Dungeon of the Endless is a strange game, and I wasn’t sure what to expect when I started playing. It’s billed as a tower defense roguelike, and it’s definitely that. But the more I played it, the more convinced I was that I was playing a short form 4X game. It’s ultimately a game about exploring territory, expanding your defenses exploiting your resources, and… well, you exterminate enemies, but it’s more in short bursts than extended campaigns. And I don’t really want to call it a 3X game. But what it is, is really interesting. It’s a unique experience for fans of roguelikes, tower defense, strategy, and games deep in resource management.
But what is it, exactly? That’s a little bit harder to nail down. You start off by picking two starting heroes, who are your most important resource. Each hero has a specialty, whether it’s fighting hordes of enemies alone, and repairing useful structures in the dungeon, or hanging back to manage your resource stations. Once you’ve got your starting duo, you head to the dungeon, in a crashed prisoner transport, ready to start opening doors and protecting your crystal.
Opening doors is where all the action starts in Dungeon of the Endless. When you open a door, your entire infrastructure activates. Turrets spring to life, resource stations produce your food, science, industry and dust, and monsters spawn randomly in the rooms you’ve discovered, making their way to your crystal and attacking helpful infrastructure as they go. You’ll need to build defenses, protect the useful bits of the dungeon, like merchants and research stations, and send your heroes to help fight the invaders. You don’t control them so much as give them instructions. You can tell them what room to stand in, what to interact with, what enemies to attack, but the general feel is that you deploy guys to do a thing rather than being directly in charge.
All of the little pieces of the game, with turrets, research, character abilities, resources, monster types, helpful dungeon bits, equipment and more, add up to a huge amount of moving parts, all bumping against each other. You can only put buildings in rooms when there are sockets, which means resource buildings, offensive turrets and defensive measures all compete with each other for space. And your buildings only work in rooms where you commit Dust to power them, but you also use Dust to buy new equipment for heroes and so forth. There’s already so much here, even with more to come.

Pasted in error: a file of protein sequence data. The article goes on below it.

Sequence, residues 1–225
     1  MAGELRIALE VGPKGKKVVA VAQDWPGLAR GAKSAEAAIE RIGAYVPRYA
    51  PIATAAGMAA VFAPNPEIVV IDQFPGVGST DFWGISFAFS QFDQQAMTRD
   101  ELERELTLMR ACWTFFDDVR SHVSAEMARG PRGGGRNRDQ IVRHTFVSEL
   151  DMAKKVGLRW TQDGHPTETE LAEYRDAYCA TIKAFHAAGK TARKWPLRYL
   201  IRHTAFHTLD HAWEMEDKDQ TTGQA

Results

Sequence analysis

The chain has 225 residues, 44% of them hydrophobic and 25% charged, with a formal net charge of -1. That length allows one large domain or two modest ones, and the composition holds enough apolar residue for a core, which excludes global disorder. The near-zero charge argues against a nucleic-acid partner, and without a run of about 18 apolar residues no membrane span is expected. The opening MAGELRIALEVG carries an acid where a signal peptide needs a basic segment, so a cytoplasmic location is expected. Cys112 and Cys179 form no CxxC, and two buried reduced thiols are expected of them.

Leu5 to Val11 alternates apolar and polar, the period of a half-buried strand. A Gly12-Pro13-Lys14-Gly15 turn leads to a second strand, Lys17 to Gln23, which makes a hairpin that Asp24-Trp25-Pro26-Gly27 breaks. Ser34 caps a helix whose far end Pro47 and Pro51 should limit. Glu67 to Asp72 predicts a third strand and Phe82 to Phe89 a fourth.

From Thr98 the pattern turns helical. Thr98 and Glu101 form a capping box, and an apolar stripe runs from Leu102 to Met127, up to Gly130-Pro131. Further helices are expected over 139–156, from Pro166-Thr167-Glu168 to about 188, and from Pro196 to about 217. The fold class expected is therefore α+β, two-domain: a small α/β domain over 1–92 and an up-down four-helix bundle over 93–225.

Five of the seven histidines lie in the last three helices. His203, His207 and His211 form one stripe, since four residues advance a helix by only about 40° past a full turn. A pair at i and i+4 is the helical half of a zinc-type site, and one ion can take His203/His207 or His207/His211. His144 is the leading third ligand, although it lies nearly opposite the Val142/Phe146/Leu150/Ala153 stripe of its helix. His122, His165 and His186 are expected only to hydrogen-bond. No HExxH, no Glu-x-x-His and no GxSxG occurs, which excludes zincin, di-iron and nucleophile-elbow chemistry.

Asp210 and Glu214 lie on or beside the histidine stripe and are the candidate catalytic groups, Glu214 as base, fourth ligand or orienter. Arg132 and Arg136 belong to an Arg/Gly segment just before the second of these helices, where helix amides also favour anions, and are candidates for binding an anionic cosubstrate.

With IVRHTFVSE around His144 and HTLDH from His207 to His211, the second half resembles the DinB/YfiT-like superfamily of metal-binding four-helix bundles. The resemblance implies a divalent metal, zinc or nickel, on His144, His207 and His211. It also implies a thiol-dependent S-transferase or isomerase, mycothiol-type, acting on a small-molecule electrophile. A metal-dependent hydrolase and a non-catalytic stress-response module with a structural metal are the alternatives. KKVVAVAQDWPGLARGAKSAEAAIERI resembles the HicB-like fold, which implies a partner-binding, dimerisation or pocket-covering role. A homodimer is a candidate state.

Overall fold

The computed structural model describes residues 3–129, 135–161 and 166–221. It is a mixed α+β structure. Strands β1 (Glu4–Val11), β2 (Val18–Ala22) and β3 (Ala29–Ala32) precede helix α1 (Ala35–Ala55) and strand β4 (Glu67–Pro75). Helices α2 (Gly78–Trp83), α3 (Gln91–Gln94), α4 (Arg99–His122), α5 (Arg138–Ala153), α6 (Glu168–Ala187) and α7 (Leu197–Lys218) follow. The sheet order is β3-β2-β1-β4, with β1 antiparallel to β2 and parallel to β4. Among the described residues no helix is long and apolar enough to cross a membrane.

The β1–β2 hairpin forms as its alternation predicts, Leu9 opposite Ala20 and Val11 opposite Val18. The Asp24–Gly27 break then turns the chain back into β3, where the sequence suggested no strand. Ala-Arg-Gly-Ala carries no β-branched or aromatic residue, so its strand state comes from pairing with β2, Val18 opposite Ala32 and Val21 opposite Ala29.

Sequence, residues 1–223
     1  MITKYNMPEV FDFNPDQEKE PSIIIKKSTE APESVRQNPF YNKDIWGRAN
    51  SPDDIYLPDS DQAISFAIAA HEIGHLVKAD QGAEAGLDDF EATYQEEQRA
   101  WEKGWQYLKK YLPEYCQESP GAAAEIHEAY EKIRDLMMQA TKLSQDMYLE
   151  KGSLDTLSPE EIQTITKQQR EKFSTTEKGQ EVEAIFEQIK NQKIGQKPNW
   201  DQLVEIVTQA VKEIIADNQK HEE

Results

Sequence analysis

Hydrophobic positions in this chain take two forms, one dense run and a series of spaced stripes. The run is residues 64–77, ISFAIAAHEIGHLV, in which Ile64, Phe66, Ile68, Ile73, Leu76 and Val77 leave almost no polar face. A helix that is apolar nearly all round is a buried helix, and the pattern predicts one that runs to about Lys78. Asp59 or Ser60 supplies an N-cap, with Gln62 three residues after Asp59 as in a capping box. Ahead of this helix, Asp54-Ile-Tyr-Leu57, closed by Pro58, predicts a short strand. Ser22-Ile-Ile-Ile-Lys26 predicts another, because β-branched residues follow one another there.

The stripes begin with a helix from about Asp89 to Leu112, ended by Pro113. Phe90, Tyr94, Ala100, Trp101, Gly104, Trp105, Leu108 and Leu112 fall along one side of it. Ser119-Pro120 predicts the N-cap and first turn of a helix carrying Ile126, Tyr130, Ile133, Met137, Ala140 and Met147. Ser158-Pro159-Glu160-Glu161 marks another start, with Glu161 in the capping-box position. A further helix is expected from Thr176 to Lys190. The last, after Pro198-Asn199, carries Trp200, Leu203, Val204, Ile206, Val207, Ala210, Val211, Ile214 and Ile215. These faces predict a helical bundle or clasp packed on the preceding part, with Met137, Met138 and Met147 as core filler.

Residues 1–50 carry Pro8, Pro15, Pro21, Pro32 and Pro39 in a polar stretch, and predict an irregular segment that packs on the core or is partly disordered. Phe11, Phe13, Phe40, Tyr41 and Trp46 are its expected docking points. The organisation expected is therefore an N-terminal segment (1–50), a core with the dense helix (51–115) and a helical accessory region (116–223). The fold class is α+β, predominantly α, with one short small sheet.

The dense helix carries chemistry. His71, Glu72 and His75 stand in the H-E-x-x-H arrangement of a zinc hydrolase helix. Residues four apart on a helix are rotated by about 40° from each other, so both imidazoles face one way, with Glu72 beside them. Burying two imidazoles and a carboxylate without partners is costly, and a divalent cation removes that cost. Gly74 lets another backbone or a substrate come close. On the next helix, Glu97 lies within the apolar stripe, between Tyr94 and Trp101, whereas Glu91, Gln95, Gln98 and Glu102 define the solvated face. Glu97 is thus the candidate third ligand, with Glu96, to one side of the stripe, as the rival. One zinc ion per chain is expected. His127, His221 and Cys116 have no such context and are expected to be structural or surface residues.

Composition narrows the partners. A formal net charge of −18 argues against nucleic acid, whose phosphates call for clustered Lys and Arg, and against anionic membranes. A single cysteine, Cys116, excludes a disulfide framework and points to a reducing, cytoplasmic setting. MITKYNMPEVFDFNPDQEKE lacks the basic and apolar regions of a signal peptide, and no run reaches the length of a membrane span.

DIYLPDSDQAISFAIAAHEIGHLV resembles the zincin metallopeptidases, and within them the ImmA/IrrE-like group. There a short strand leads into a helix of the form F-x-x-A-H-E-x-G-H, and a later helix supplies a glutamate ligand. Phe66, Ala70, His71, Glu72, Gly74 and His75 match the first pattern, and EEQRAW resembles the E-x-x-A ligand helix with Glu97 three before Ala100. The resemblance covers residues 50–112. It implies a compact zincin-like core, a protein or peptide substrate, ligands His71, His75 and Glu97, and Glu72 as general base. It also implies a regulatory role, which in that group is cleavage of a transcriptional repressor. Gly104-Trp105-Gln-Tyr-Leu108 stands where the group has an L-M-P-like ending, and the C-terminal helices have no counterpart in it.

Once you discover the exit to the level, it starts becoming a mad dash to the elevator, with one of your heroes lugging the crystal as the others cover your escape from the constantly-spawning monsters, rooms losing power behind you as you go. At first, the shot from home base to elevator might be more or less a straight shot, with some branches. In later levels, it becomes more of a grid of rooms, and it becomes your job to open only enough doors to give access to what you need without giving the enemies extra avenues of attack as you defend your base or make your escape.
The game’s aesthetics are pleasing with a neat pixel art style. The music and sound effects barely stuck with me, though, especially since Dungeon of the Endless is pretty much the exact sort of game I’m likely to lower the volume on so I can listen to podcasts as I play. The game’s writing, in the rare descriptive text where it exists, is cute and breezy, with a neat variety of items, ranging from repurposed tools and scavenged clothes to military grade equipment. Things like finding tutus for armor didn’t promote a terribly consistent atmosphere, but it did remind me of the freewheeling approach of Nethack.
There were only a few flaws in the game’s execution of its concept. The first is that the phase between door-openings can be a little tedious. Sending my mechanic around to the turrets to repair, sending my resources guy to interact with the resource generators and the like felt like something it would be nice to have somewhat automated if heroes were idling after a monster wave. Secondly, the game’s randomization could stand to be a little more guided. I didn’t even know Science did anything until my fourth game, since I simply didn’t run into a research station.
Still, for an early access game, Dungeon of the Endless feels remarkably solid. There’s nothing else like it, and I wouldn’t recommend it to someone who didn’t have a taste for the experimental, but for anyone with a taste for games that combine concepts in new ways, it’s a pretty clear choice.